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Two or three weeks ago I encountered an error while booting up my computer.

I switch on the machine, it makes its way to the blue login menu which contains my user account, and as I'm entering my information the blue screen of death flashes on the screen and the system reboots.

On my second attempt to boot the machine, it makes its way to the the XP loading bar, then the same thing happens.

After this, I enter Safe Mode to scan for viruses, I'm using AVG Free Edition v7.5.503, obviously I didn't find anything; I don't think this is a virus, but I might be wrong.

After numerous scans with Spybot Search and Destroy, CCleaner, and AVG with no results, I decided to give it one more try on Normal Mode, and oh would you look at that, it works.

But as mentioned above, that was two or more weeks ago, and I'm now concerned about how long my computer has been running non-stop.

I'd rather not tempt fate by switching the machine off without an idea as to what the problem was to begin with.

I did install a piece of hardware before the problem came up, some kind little black SD Card reader thing, sorry for my lack of explanation on the hardware but I have no idea what it is called.

This has happened before, but I shrugged it off as a one-time thing. One thing I'm sure of though, is that this error is random as to where it happens in the boot sequence. The error never happens when the computer makes it to the desktop.

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Last Post by hughv
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If a blue screen on boot isn't due to malware, then it's usually due to a timing glitch between a driver and a Windows kernal process.

The confounding thing is that the BSOD often doesn't stay long enough for its info to be captured. Once we have that info diagnosis can be attempted.

You could boot with bootlog on and watch carefully what the last two drivers loaded were called.

Or it might not happen again. To solve the problem you do need to reboot I'm afraid!

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Take a look in Event Viewer.
Control Panel/AdminTools/Event viewer
Look under System and Application for red entries. These can be cryptic, but are often helpful.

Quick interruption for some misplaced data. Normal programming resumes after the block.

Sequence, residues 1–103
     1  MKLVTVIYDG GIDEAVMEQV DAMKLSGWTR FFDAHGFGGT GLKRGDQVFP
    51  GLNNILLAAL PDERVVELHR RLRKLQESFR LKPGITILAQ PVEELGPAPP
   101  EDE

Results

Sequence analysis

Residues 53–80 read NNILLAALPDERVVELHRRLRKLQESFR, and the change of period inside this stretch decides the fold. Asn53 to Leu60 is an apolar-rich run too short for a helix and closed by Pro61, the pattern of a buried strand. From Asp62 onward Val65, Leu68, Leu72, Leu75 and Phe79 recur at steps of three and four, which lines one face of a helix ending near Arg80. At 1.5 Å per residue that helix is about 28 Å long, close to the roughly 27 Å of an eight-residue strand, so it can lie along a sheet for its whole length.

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Thanks for all the replies. I know I'm going to have to switch this machine off sometime, but I'd rather wait until the winter holidays, which is about a week away.

I'm studying IT, and I need a computer for the time being, so I'm going to play it safe for now.

Also, it's not when I reboot the machine, it happens when I switch it off for long periods of time, I probably should have mentioned this before but I was in a rush to get to college.

I have rebooted this computer several times this week due to Microsoft updates and software installations, each time it rebooted flawlessly.

However, when I switch it off and go to bed, I wake up about 7 to 9 hours later and turn it back on; this is when the problem occurs.

This leads me to believe that it might be my power supply, as it seems that once the computer has been running for about 5 minutes, boot failures or not, the problem goes away.

I'm still not sure but I have high hopes for a cure to this problem.

I'd also like to point out that I might not get to check this thread often for updates, as I have a lot of stuff on my plate, but all of your comments are much appreciated; it's nice to know I'm not alone in this.

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Check out the link that i have mentioned. It says the way to 'decrypt' the dump generated by microsoft windows when it crashes. You can analyse the dump file to know what caused the error.

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Also, it's not when I reboot the machine, it happens when I switch it off for long periods of time......

I have rebooted this computer several times this week due to Microsoft updates and software installations, each time it rebooted flawlessly.

However, when I switch it off and go to bed, I wake up about 7 to 9 hours later and turn it back on; this is when the problem occurs.

This leads me to believe that it might be my power supply, as it seems that once the computer has been running for about 5 minutes, boot failures or not, the problem goes away.

"Cold faults" as these symptoms now appear to be are not unknown. Usually associated with memory and it could just be a case of reseating RAM carefully and dusting the thing out.

In the old days, cold faults meant a capacitor was weak. Like a fluorescent lamp that just about starts.

So a good blow out with an air can might just solve it.

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You might well be right. I've seen this exact scenario several times, and the power supply is a likely culprit.
"This leads me to believe that it might be my power supply, as it seems that once the computer has been running for about 5 minutes, boot failures or not, the problem goes away."

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